Pregnant and freaking out about how your furbabies are going to cope? You’ve come to the right place.
We were lucky that all 3 of our large (50+ lbs) dogs had previously worked with a professional trainer. We even took our husky mix Denver to an obedience class after we adopted him (he hates being in the car so naturally it was a DISASTER and we quit after a few classes).
We loved the trainer we hired for Denver so we hired him again for Benji (big mutt) and Chloe (pitbull). Unfortunately, our trusted trainer passed away before we conceived so we were on our own when we found out we were expecting.
If you feel more comfortable and have the funds, by all means hire a professional trainer. Do your homework–from our experience, a pet store obedience class is pretty pointless if you have a rescue dog with baggage. Not all trainers are created equal so make sure you check their credentials and read their reviews.
But you don’t need to spend big bucks to train your dog. YouTube is a great resource. We watched a ton of videos by The Good Dog Training with Sean O’Shea. Find something that works for you and most importantly, STICK TO IT.
Pre-baby, we had gotten lax with a lot of things we learned in training. The dogs would be left free to roam when we left the house. The dogs would sleep in our bed with us. We stopped using the tools that worked for them (prong collar and e-collar, you can see our posts on these tools here and here).
No matter what method of training you choose, here are some essential commands for your dogs to learn.
Crate training is an absolute MUST when you have multiple dogs. Our dogs love their crates. Make the crate their sanctuary. Get them a high quality crate with a nice comfy bed. If they are particularly destructive, consider this alternative.
When we first adopted Denver, we were horrified with the idea of crate training. It sounded like prison. When done correctly, your dogs will seek out the comfort of their crate. Our dogs will wander into their crates to take a nap or lay down. The crate is where they should eat, rest, and sleep. When we leave the house, we crate all our dogs.
Denver and Benji both had really bad separation anxiety and crate training helped them relax. Before crate training, Denver would howl those miserable husky cries until we came home and Benji would stress eliminate in the house when we left. Crate training solved these issues. When we left Chloe out, she chewed up a few pens which seemed harmless enough until she chewed up a $100 Apple Pencil. Crate training for the win!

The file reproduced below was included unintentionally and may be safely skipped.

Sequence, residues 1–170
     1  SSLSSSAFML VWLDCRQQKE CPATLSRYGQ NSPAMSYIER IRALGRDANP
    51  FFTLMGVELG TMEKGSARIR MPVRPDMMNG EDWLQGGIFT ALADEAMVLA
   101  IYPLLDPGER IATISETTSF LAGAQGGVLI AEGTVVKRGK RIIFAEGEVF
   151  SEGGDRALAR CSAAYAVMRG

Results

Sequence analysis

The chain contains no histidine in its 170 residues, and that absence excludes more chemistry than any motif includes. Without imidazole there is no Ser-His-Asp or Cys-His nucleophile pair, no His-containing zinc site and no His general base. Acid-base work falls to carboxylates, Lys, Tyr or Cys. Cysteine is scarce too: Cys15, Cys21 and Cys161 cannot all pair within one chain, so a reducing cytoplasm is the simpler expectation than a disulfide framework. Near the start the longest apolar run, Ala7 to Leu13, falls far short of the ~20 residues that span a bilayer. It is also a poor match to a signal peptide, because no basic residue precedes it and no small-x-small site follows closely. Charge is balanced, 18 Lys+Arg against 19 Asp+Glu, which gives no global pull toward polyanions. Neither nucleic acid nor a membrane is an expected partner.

We don’t advocate leaving your dog(s) crated all day, but it should feel like a safe place for them to hang out for a few hours a day.
Even when the dogs are free to roam the house, we still enforce a place command. Place gives them something to do so they aren’t stressing about what else they should be doing. Whether you use a mat, a rug, or dog bed, it should be a clearly defined spot for them to lay down and observe. They should not break place until you give the release command.
Place is also helpful when teaching them boundaries (like staying out of the baby’s nursery).
Before we moved to a single family home, we lived in a third floor walk up and would take the dogs out twice a day. During the first trimester, my wife suffered from all day nausea (morning sickness is a myth), so I walked all 3 dogs twice a day. I chose a structured walk over a long walk every time.
Above all, your dogs want to feel safe on the walk. When in correct heel position, your dog(s) should be walking next to your heel (so slightly behind you). When dogs are walking ahead, they are looking for danger because they feel the need to protect you (and later on, the baby). This is usually what leads to things like leash aggression and dogs dragging you down the block.
The heel command teaches your dogs to respect you and that if there is danger, you are in charge.
Thank you for reading part 2 of this series. Next time, we will discuss how we prepared the dogs for life with a baby and how we introduced the baby.